I want to list this second post by Michelle Lesley, Feminist Infiltration and the Emasculation of Christian Men, because I’ve seen evangelicals capitulate to the world’s denigration of men. Michelle looks at this problem honestly through the lens of Scripture, offering a powerful and  badly needed corrective that would benefit men as well as women.

Although I haven’t vetted Marci Ferrell’s blog, Thankful Homemaker, I do recommend that you read Dealing with Controversy as a Christian. What a timely and thoughtful piece of writing!

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God’s Glory In The Rear View Mirror

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We’re all angry these days. Everything offends even the most godly of us, and we use our social media platforms to make sure the world knows how upset we feel. Some of our rants are legitimate, but even then we can go over the top in responding to whatever bee happens to buzz into our bonnet.

I’ve done it too. As I point with one finger, three of my own fingers point back at me reminding me of an outraged post I once Continue reading

Funny That I’ve Grown Serious

ThankfulKittyBlack02Back in the 80s and early 90s, my reputation for practical jokes was such that I got blamed even for those I didn’t orchestrate. My personal favorite was in honor of my friend Bob’s birthday.

Bob shared my dislike for cats (which we both greatly exaggerated for the purpose of teasing each other). When his birthday rolled around, I gave his phone number to my friend Terry, whom Bob had never met. At my instruction, Terry told Bob that he was from the SPCA, and wanted to deliver a kitten to him that afternoon.

Bob declined the offer, and wandered out of his room in bewilderment telling his housemate, “I just got the strangest phone call.” Before he could recount what Terry had said, his housemate doubled over with laughter, causing Bob to remember that I’d spent time with that housemate a week earlier. “DebbieLynne!” he shouted knowingly.

I’m still proud of that one!

These days I have fewer opportunities to play practical jokes, largely because I don’t have an accomplice. Also, I have less energy than I did back then. Practical jokes take work!

But, as much as I miss that part of my life, I have changed into a more serious woman. Oh, I still laugh a lot — a robust sense of humor is downright necessary Continue reading

Saturday Sampler: March 10 — March 16

Massachusetts Town Flags

Town and city flags of Massachusetts displayed in the State House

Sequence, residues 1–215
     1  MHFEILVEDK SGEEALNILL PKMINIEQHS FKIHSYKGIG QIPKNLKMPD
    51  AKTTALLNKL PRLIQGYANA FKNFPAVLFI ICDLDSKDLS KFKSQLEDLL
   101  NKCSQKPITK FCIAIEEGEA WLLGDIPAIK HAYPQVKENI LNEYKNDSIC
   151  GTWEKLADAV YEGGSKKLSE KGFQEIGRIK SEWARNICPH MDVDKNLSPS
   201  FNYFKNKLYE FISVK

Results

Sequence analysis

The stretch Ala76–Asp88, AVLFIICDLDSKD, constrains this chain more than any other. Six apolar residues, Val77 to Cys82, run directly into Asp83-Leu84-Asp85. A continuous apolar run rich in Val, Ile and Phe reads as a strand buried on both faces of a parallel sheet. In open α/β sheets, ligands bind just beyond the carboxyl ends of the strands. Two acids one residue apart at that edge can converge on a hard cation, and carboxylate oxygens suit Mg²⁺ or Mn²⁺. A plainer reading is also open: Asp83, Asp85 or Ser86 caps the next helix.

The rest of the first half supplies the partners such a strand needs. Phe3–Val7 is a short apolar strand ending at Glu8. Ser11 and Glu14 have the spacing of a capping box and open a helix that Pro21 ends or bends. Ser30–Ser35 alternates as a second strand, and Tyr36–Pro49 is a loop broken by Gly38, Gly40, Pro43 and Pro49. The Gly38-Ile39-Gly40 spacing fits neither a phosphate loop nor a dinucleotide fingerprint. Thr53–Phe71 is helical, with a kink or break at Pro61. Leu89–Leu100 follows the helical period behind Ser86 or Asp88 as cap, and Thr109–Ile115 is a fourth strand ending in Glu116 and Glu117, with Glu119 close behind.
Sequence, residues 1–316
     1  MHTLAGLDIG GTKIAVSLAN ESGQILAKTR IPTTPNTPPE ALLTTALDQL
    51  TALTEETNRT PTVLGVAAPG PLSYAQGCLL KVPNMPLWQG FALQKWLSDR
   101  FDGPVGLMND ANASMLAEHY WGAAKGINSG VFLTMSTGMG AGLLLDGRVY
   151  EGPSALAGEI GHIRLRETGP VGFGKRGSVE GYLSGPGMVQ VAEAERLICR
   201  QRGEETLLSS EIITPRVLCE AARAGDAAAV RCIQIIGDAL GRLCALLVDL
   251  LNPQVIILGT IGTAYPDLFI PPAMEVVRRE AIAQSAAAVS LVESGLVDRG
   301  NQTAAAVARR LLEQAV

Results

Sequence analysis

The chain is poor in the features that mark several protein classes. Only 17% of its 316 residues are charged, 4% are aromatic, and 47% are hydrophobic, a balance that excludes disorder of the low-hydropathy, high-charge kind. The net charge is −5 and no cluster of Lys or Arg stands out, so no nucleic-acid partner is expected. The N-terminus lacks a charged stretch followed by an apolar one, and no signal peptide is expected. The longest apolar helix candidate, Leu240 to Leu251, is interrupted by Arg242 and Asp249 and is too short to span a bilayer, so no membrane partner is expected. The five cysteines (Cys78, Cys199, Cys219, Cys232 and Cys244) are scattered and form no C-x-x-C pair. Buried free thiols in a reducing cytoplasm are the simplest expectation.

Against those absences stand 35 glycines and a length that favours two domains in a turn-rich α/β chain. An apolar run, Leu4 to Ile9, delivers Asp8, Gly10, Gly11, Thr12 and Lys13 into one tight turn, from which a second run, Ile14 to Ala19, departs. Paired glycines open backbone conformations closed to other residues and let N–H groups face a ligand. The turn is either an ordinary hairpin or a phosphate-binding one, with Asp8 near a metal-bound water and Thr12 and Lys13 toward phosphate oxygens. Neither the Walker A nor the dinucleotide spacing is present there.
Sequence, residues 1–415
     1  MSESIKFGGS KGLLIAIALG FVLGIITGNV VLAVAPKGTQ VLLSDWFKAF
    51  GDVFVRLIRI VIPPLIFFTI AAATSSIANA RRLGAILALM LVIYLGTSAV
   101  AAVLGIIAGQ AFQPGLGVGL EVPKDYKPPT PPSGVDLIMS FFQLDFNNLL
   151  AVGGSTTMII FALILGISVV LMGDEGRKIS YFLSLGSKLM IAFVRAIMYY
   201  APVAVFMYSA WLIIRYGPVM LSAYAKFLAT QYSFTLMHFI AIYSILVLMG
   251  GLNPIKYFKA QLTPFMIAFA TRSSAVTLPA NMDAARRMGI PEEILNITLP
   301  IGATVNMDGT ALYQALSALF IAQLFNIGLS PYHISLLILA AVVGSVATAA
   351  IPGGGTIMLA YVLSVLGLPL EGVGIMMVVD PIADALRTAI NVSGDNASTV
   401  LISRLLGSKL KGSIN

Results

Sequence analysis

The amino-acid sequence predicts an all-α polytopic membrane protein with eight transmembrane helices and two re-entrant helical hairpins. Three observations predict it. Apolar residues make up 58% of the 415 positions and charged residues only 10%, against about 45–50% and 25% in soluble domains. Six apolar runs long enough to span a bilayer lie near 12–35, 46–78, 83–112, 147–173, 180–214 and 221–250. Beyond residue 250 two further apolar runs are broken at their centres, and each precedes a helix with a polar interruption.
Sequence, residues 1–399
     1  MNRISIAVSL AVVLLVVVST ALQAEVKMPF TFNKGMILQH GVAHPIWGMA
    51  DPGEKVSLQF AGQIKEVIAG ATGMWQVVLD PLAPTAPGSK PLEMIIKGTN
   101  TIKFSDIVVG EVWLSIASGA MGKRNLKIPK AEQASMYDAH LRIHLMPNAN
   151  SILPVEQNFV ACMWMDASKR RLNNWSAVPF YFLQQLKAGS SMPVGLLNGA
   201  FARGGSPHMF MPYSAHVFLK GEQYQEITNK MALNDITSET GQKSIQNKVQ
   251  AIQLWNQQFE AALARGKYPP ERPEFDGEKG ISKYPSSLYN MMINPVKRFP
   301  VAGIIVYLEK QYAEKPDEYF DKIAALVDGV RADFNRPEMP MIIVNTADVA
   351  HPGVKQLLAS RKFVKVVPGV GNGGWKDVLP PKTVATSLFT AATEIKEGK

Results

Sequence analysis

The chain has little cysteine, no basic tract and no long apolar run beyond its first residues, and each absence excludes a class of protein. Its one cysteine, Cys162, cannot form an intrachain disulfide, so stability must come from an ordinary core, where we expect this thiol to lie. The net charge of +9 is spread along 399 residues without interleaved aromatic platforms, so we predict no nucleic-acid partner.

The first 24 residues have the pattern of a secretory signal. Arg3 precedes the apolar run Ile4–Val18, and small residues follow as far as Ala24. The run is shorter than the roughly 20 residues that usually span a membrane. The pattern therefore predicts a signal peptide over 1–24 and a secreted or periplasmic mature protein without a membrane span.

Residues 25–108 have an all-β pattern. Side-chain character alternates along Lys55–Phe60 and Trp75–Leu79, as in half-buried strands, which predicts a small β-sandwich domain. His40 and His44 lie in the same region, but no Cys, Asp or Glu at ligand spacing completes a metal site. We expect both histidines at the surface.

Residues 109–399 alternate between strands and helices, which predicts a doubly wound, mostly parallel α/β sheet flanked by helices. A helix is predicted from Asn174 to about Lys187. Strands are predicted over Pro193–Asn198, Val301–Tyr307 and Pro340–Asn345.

When I started this blog in 2015, I could see that the church in America was headed for persecution. A lot of Christians see the same reality, including Mike Ratliff of Possessing the Treasure. His blog post, Even if you should suffer for the sake of righteousness you are blessed, underscores what I’ve been saying all along.

Are You Living with a Misconception of Grace? Writing for Biblical Woman,  Sarah Bubar explores the effect our culture of entitlement has on how we understand the grace of God. She also explains grace from the Biblical standpoint.

She’s done it again! In One major way Christian self-help books damage you, Elizabeth Prata pulls back the cover to reveal a harmful evangelical practice. Ladies, this essay in The End Time deserves your attention!

Candidly admitting her struggles, Debi Martin of Sojourner Between Two Worlds shows us The Importance of Being in God’s Word. I’m currently reading through the Bible in 90 days as Debi did in 2012. It’s my second time doing it, and I highly recommend it.

I appreciate Erin Benziger’s devotional on The Sufficiency of the Word in Do Not Be Surprised. The worldliness permeating evangelicalism pressures people to settle for much less than God has given us.

Scripture delineates specific roles for women that the world considers oppressive. Thankfully, in an article for The Cripplegate, Eric Davis lists 10 Reasons Why the Bible Regards Women Higher than all Other Systems. I wish every evangelical (female and male) would read this one.

Yup, I struggle with reading my Bible too. So Throwback Thursday ~ The Mailbag: I love the Bible, but I have to force myself to read it by Michelle Lesley really reassures and  comforts me. She selects just the right Scriptures to make her case.

I’m not going to give away R. Scott Clark’s message in What Christians Can Learn From Drew Carey About Subverting Culture on the Abounding Grace Radio blog,  but I promise you that you won’t regret reading it. How do I know? I enjoyed reading it, and I’m far from being a Drew Carey fan.

Nick Batzig of Reformation 21 pleads for discernment ministries to strive for balance by writing A Horror of Theology. Bloggers especially need to consider the points he makes in order to avoid extremes that end up dishonoring the Lord.